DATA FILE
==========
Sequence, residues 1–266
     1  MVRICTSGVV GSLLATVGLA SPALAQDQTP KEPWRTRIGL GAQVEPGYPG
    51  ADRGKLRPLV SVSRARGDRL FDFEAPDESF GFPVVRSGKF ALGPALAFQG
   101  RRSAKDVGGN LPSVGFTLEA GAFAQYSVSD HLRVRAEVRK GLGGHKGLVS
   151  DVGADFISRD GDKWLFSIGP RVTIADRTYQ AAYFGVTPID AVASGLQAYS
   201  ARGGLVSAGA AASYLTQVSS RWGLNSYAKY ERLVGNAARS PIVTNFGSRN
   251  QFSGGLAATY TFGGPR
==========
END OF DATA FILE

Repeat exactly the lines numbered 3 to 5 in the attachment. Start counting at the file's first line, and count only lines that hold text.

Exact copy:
    51  ADRGKLRPLV SVSRARGDRL FDFEAPDESF GFPVVRSGKF ALGPALAFQG
   101  RRSAKDVGGN LPSVGFTLEA GAFAQYSVSD HLRVRAEVRK GLGGHKGLVS
   151  DVGADFISRD GDKWLFSIGP RVTIADRTYQ AAYFGVTPID AVASGLQAYS